In honor of July 4th NASA has a cool 'picture of the day' that I have added as our team pic for a while. I also like the shot because if reminds me of a ribbon of road (nice regardless of nationality). Below is the information from the NASA website, credits, etc.
Stars and a Stripe in Celestial Fireworks
A delicate ribbon of gas floats eerily in our galaxy. A contrail from an alien spaceship? A jet from a black-hole? Actually this image, taken by NASA's Hubble Space Telescope, is a very thin section of a supernova remnant caused by a stellar explosion that occurred more than 1,000 years ago.
Around May 1, 1006 A.D., observers from Africa to Europe to the Far East witnessed and recorded the arrival of light from what is now called SN 1006, a tremendous supernova explosion caused by the final death throes of a white dwarf star nearly 7,000 light-years away. The supernova was probably the brightest star ever seen by humans, and surpassed Venus as the brightest object in the night time sky, only to be surpassed by the moon. It was visible even during the day for weeks, and remained visible to the naked eye for at least two and a half years before fading away.
It wasn't until the mid-1960s that radio astronomers first detected a nearly circular ring of material at the recorded position of the supernova. The ring was almost 30 arcminutes across, the same angular diameter as the full moon. The size of the remnant implied that the blast wave from the supernova had expanded at nearly 20 million miles per hour over the nearly 1,000 years since the explosion occurred.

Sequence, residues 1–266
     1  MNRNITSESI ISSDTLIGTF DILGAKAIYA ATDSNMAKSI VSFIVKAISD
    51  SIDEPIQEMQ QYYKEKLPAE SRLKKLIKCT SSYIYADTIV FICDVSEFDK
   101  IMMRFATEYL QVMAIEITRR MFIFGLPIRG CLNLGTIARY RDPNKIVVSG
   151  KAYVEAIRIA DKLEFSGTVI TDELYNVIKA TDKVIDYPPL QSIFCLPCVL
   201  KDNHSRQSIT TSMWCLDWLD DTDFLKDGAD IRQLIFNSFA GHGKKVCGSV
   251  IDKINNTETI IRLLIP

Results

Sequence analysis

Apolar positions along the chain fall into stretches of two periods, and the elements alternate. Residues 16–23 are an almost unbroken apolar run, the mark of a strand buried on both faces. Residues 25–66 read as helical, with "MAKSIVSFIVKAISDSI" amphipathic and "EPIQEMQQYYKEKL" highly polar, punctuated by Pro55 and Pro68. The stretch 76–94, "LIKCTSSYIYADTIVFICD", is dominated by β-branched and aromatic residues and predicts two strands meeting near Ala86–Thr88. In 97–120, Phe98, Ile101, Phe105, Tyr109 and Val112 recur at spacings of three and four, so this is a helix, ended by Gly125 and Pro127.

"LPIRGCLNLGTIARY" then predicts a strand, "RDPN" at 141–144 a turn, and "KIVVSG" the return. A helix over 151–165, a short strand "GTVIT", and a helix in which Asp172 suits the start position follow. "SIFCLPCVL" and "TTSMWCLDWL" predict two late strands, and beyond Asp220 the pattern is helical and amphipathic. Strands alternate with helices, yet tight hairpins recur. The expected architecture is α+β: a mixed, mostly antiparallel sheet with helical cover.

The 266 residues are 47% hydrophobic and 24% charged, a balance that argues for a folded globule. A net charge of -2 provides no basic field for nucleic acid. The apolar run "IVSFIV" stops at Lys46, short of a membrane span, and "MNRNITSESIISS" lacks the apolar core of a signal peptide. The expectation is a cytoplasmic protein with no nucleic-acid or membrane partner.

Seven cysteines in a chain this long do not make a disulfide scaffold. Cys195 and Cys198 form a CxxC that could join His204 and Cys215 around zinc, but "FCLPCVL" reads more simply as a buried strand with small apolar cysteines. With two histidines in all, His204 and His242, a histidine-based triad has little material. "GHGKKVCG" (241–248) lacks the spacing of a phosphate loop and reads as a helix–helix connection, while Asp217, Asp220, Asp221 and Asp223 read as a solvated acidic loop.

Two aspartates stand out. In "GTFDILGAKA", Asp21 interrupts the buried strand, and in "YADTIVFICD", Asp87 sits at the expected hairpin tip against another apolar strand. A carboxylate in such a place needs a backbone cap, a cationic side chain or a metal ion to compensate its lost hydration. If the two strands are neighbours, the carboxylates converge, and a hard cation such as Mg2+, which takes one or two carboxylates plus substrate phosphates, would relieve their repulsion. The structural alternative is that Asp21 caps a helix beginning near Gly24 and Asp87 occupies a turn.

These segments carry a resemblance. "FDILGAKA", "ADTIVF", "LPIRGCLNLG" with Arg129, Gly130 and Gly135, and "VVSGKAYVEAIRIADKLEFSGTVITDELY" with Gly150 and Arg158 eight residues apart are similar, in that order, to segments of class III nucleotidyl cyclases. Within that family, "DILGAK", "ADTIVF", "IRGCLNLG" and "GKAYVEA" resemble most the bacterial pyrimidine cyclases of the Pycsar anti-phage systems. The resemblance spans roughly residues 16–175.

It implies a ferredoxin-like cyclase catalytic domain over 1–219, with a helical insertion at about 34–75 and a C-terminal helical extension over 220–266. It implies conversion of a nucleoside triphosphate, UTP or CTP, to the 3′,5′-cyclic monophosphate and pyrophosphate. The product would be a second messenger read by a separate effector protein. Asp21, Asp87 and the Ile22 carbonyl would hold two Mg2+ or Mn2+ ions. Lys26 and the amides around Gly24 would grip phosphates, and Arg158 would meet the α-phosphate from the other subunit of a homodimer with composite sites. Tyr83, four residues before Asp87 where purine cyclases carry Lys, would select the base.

Today, SN 1006 has a diameter of nearly 60 light-years, and it is still expanding at roughly 6 million miles per hour. Even at this tremendous speed, however, it takes observations typically separated by years to see significant outward motion of the shock wave against the grid of background stars. In the Hubble image as displayed, the supernova would have occurred far off the lower right corner of the image, and the motion would be toward the upper left.
Image Credit: NASA, ESA, and the Hubble Heritage Team (STScI/AURA)
NASA materials may not be used to state or imply the endorsement by NASA or by any NASA employee of a commercial product, service or activity, or used in any other manner that might mislead. This image is not copyrighted: photographs may be reproduced and distributed without further permission from NASA.
More information about the image from the website: NASA Center: Johnson Space Center Image # : AS17-148-22727 Date : 12/07/1972
View of the Earth as seen by the Apollo 17 crew traveling toward the Moon. This translunar coast photograph extends from the Mediterranean Sea area to the Antarctica South polar ice cap. This is the first time the Apollo trajectory made it possible to photograph the South polar ice cap. Note the heavy cloud cover in the Southern Hemisphere. Almost the entire coastline of Africa is clearly visible. The Arabian Peninsula can be seen at the Northeastern edge of Africa. The large island off the coast of Africa is the Malagasy Republic. The Asian mainland is on the horizon toward the Northeast.
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